Proposed legislation would put some 17-year-old offenders back in the juvenile justice system in Wisconsin. Seventeen-year-old offenders are currently charged in adult court — where they were moved in a 1996 change of state law.
“There’s no provision, and no way a 17-year-old can be waived back to juvenile court,” said Jim Moeser with the Wisconsin Council on Children and Families. President of the State Bar of Wisconsin, and former Dane County Circuit Court judge, Patrick Fiedler supports the measure. “It’s proposing that first time non-violent 17-year-olds are in juvenile court,” he said. “If they’ve got a previous juvenile delinquency adjudication, they start of in adult court. If they are accused of a violent offense, they stay in adult court.”
Wisconsin is currently one of eleven states that treat all 17-year-old as adults in the court system. The bi-partisan bill is from state Representatives Gary Bies (R-Sister Bay), a former law enforcement officer, and Fred Kessler (D-Milwaukee), a former judge.
“Kids are not as mature as we wish they would be,” said Kessler. “They don’t exercise the good judgment that they acquire as they mature, and therefore I think it’s very important that we treat them as juveniles.”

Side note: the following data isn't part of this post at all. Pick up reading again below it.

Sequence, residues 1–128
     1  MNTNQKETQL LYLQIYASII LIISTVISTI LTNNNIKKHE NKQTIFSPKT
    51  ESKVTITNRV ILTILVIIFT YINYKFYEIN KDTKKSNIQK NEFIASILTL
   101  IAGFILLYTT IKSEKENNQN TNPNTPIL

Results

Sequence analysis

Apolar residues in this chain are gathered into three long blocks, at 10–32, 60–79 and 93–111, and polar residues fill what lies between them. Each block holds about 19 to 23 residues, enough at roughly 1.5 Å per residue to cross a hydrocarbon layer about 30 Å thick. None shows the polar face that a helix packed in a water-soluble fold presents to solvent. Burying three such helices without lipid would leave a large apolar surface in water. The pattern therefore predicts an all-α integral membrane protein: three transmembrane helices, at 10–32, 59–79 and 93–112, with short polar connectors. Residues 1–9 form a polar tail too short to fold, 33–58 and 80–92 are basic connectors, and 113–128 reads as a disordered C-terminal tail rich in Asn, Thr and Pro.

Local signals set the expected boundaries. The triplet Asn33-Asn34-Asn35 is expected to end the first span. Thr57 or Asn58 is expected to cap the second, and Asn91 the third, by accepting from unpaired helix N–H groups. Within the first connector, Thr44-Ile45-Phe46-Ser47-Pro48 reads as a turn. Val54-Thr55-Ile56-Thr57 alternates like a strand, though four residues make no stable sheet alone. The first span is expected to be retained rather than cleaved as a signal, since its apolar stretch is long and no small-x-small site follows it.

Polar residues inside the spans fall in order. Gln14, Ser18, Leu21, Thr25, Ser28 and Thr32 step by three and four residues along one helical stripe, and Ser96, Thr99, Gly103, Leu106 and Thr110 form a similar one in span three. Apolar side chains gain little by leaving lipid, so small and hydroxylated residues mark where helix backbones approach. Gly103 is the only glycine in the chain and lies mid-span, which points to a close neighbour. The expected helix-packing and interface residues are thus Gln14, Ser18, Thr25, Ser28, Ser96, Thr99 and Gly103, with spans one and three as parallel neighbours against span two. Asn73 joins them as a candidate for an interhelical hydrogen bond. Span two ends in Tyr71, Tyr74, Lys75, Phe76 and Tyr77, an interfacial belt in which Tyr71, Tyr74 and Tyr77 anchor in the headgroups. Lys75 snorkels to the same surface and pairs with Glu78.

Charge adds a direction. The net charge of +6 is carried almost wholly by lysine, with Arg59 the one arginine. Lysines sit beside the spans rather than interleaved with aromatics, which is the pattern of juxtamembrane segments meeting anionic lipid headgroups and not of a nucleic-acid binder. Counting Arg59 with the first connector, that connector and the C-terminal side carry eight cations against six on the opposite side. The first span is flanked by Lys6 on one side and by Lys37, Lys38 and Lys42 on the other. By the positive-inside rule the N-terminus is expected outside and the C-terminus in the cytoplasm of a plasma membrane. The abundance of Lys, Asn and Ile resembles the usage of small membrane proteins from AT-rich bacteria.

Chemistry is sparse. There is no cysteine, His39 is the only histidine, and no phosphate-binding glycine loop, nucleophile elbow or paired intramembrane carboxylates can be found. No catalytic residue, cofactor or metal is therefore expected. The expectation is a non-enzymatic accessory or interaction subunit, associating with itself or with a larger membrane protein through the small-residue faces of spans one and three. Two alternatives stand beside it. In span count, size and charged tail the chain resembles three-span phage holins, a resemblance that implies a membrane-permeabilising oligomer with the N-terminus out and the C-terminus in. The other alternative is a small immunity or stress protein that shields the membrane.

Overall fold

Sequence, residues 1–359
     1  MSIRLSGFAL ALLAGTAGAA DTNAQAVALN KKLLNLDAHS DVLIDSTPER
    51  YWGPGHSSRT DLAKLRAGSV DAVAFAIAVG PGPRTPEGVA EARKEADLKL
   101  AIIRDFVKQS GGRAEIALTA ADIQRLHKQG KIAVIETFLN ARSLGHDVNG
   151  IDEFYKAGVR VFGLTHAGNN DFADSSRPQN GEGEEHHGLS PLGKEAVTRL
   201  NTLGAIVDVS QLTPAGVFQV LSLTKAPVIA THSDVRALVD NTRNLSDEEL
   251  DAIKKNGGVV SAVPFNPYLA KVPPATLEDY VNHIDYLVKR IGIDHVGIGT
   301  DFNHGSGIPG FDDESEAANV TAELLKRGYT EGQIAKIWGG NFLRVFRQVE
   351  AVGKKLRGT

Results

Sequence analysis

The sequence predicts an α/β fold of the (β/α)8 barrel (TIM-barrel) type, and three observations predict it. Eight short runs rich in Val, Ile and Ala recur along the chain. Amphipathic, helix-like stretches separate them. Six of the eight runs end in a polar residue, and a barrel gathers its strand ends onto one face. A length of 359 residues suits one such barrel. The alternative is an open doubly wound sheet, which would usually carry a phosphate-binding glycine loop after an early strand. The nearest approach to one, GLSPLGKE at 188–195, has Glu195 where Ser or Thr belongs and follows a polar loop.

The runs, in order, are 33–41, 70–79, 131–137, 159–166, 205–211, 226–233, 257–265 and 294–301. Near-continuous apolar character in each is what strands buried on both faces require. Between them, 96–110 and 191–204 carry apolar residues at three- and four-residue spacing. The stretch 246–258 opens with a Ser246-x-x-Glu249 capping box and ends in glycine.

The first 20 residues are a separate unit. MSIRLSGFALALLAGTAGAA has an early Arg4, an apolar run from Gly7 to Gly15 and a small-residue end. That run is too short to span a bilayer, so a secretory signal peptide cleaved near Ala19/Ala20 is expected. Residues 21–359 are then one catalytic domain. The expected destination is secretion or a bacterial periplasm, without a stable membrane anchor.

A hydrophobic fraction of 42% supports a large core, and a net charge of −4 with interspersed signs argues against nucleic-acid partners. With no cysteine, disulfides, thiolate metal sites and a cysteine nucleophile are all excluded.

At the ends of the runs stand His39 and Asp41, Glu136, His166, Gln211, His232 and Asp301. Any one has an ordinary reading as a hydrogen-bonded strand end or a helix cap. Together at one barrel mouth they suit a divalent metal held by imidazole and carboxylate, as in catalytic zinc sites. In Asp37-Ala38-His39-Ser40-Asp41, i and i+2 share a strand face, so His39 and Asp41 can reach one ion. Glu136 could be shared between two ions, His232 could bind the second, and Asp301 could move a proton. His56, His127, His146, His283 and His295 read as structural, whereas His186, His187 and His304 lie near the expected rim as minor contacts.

Attorney General J.B. Van Hollen is not supportive of the legislation. Department of Justice spokeswoman Dana Brueck said courts often have sentencing discretion, DAs have charging discretion, and there are often diversion programs for non-violent offenders. An offender’s age can be, and generally is, considered in these contexts. We’re not aware of any issues that suggest that discretion is not being appropriately exercised.
Brueck said DOJ continues to believe that there is no need to change current laws and we also know that there have been serious crimes committed by those under 18 where adult court is the only proper forum.
“My own experience tells me that 17-year-olds should be tried in juvenile court, because they are less likely to re-offend then if they are sent to adult court,” said Fiedler. He said that was backed up by a study from the Legislative Audit Bureau.